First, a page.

This is not really about the connection with graph theory, a topic I am rather ignorant of, but rather the connection to continuum notions, all of which I learned from this paper.

Consider a simplicial complex in 3 dimensions for simplicity of visualization. The 0-simplexes are vertices $(i)$, the 1-simplexes are bonds $(ij)$, 2-simplexes are triangles $(ijk)$, 3-simplexes are tetrahedra $(ijkl)$. Each simplex has an orientation and under permutation of vertices acquires a sign change of +1 or -1 if the permutation is even or odd respectively.

Now we can define functions ($p$-chains) on our simplicial complex,
$$\phi = \sum_i \phi_i (i)$$
$$\alpha = \sum_{[ij]} \alpha_{ij} (ij)$$
$$\beta = \sum_{[ijk]} \beta_{ijk} (ijk)$$
$$\gamma = \sum_{[ijkl]} \gamma_{ijkl} (ijkl)$$
where the $\alpha_{ij}$ etc. are fully anti-symmetric and the sum is over equivalence classes of simplexes (i.e. we pick one representative for each simplex from its possible permutations).

Now we define a boundary operator $\partial_p$ on $p$-simplexes. On a 0-simplex, we have $\partial_0(i) = 0$. For a 1-simplex we have
$$\partial_1(ij) = (j) - (i)$$
and we generalize this,
$$\partial_p(i_0 \cdots i_{p-1}) = \sum_n (-1)^n (i_0 \cdots \hat{i}_n \cdots i_{p-1})$$
where the hat means that vertex is removed. This is equivalent to saying that the boundary of a $p$-simplex is the sum of the $p-1$-simplices which bound it, each oriented such that their "edges" are oppositely oriented. Thus for a triangle we find
$$\partial_2(ijk) = (jk) + (ki) + (ij)$$
while for a tetrahedron we have
$$\partial_3(ijkl) = (jkl) + (kli) + (lij) + (ijk)$$
This construction automatically satisfies $\partial_{p-1} \partial_{p} = 0$ due to the "oppositely oriented edges" condition above.

Next, define the coboundary operator $\partial_p^\dagger$ which takes $p$-chains to $p+1$-chains. The definition says
$$\partial_p^\dagger (i_1 \cdots i_{p}) = \sum_{i_0@[i_1 \cdots i_{p}]}
(i_0 \cdots i_{p})$$
where $@$ means "adjacent to". Thus for a 0-simplex,
$$\partial_0^\dagger (j) = \sum_{i@j} (ij)$$
Note that the sum is over oriented 1-simplices which "point towards $(j)$". For a 1-simplex $(ij)$, $\partial_1^\dagger(ij)$ is the sum is over all triangles $(i_0 i_1 i_2)$ such that $\partial_2(i_0 i_1 i_2)$ contains $+(ij)$, and so on. This operator also satisfies $ \partial_{p+1}^\dagger \partial_p^\dagger = 0$ by construction.

The boundary and co-boundary operators act on $p$-chains linearly. We can draw an analogy with differential geometry --- in particular, the co-boundary operator is analogous to the exterior derivative, and $p$-chains are akin to exterior $p$-forms. As shown in the above-linked paper, we can think of $0$-chains as scalar fields, $1$-chains as vector fields, $2$-chains as pseudo-vector fields, and $3$-chains as pseudo-scalar fields. The properties of the boundary operators are then summed up in this figure (their $d$ is my $\partial^\dagger$):

Note that the correspondence is not an approximation (see the text for details), although one can make a connection with the continuum differential operators via a Taylor-expansion approximation in the continuum limit as the lattice spacing goes to zero.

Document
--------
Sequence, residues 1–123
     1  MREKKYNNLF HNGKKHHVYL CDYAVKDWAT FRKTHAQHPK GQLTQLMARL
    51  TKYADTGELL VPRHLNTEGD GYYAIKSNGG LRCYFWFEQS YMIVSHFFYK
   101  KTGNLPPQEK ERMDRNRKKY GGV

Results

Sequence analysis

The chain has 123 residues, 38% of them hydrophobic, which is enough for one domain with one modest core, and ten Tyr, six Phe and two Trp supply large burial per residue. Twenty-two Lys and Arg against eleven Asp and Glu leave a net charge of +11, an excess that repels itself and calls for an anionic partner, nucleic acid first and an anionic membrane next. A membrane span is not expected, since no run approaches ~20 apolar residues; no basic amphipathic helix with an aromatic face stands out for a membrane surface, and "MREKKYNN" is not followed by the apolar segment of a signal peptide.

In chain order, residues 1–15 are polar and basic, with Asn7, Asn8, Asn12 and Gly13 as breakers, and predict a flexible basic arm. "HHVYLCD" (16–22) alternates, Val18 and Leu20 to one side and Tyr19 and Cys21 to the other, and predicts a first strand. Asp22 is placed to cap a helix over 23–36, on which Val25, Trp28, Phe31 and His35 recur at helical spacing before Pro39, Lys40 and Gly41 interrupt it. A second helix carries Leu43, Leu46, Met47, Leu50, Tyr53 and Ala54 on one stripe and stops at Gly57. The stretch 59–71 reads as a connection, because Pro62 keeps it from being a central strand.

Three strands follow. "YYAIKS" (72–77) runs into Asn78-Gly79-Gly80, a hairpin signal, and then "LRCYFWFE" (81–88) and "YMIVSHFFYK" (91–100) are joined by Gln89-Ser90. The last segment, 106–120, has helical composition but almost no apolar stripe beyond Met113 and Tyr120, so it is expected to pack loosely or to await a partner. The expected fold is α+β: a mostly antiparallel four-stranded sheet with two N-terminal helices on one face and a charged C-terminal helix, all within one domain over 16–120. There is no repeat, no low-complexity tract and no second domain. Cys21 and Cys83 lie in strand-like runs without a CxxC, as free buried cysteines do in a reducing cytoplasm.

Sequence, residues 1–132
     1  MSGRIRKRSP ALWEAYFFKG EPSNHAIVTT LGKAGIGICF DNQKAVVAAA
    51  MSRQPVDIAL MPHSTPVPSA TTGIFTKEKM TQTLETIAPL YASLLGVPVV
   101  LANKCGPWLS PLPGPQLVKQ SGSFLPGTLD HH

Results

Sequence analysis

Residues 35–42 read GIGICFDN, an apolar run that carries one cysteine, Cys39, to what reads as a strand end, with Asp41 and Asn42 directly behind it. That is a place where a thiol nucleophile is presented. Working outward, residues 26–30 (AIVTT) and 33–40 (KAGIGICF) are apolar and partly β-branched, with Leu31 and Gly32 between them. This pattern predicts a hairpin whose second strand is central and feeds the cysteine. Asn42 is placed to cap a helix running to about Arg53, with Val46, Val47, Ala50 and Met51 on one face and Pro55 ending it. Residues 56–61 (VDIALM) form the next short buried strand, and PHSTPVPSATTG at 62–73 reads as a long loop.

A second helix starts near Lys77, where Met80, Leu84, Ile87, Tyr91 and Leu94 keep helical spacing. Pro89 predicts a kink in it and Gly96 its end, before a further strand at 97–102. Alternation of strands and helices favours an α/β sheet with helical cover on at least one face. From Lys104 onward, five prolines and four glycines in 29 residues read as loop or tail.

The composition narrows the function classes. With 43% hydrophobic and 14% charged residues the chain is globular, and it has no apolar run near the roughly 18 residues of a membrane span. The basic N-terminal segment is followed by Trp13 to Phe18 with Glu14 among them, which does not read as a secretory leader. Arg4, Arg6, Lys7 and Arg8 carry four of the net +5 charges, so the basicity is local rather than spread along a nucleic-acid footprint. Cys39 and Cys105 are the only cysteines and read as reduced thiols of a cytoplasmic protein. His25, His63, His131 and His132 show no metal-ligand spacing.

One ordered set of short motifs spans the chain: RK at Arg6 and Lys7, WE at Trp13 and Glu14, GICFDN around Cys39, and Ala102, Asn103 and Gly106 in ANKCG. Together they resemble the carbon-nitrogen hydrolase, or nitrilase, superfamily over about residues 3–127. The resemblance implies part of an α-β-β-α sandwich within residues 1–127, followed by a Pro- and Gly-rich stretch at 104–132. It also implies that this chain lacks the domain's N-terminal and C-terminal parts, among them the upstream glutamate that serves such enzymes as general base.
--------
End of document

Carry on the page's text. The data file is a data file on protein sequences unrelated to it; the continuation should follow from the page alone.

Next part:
One can now define certain vector-product operations, demonstrate Stoke's theorem, etc. utilizing this construction. In particular, we can define the Laplacian for $p$-chains as
$$\Delta_p = - (\partial_{p+1}\partial_{p}^\dagger + \partial_{p-1}^\dagger \partial_p)$$
then from the figure we find the correspondence
$$\Delta_0 \sim \mathrm{div}\,\mathrm{grad} $$
$$\Delta_1 \sim \mathrm{grad}\,\mathrm{div} - \mathrm{curl}\,\mathrm{curl}$$
$$\Delta_2 \sim \mathrm{grad}\,\mathrm{div} - \mathrm{curl}\,\mathrm{curl}$$
$$\Delta_3 \sim \mathrm{div}\, \mathrm{grad}$$

In particular, $\Delta_0 = -\partial_1 \partial_0^\dagger$ is the usual graph Laplacian, and one can show (with appropriate choice of representatives in the summations above), that
$$\Delta_0 = A - D$$
where $A$ is the adjacency matrix and $D$ is the incidence matrix of the graph (see here). In coordinate notation, it looks like
$$\Delta_0 \phi = - \partial_1 \partial_0^\dagger \sum_i \phi_i (i)$$
$$ = - \partial_1\sum_{i} \phi_i \sum_{j@i} (ji)$$
$$ = - \sum_{i} \phi_i \sum_{j@i} [(i) - (j)]$$
$$ = - \sum_{i} (i) \sum_{j@i} (\phi_i - \phi_j)$$
from which it is easy to see that the above expression is correct:
$$
\Delta_0 \phi = \sum_{i} (i) \sum_{j@i} \phi_j - \sum_{i} (i) \sum_{j@i} \phi_i \\
= \sum_i (i) \sum_j (A_{ij} - D_{ij}) \phi_j
$$
where $D_{ij} = \delta_{ij} z_i$ with $z_i$ being the coordination number of vertex $i$ and $A_{ij} = \delta_{i@j}$. The higher-order Laplacian operators are then related to the graph structure of certain bond/face/body-duals of the original graph.

There is a further connection to various topics such as de Rham cohomology, the Hodge decomposition and harmonic forms. In particular, we can decompose any $p$-chain into
$$\sigma^p = \partial_{p-1}^\dagger \alpha^{p-1} + \partial_{p+1} \beta^{p+1} + \gamma^{p}$$
where $\gamma^{p}$ is a "harmonic chain" and satisfies $\Delta_p \gamma^{p} = 0$, and corresponds to a contribution which "winds around" the lattice topologically, i.e. $\gamma^{p} \in H_p$, the $p$'th homology group of the complex. I have not seen that made more explicit anywhere yet and don't know enough about the topics myself to really comment further.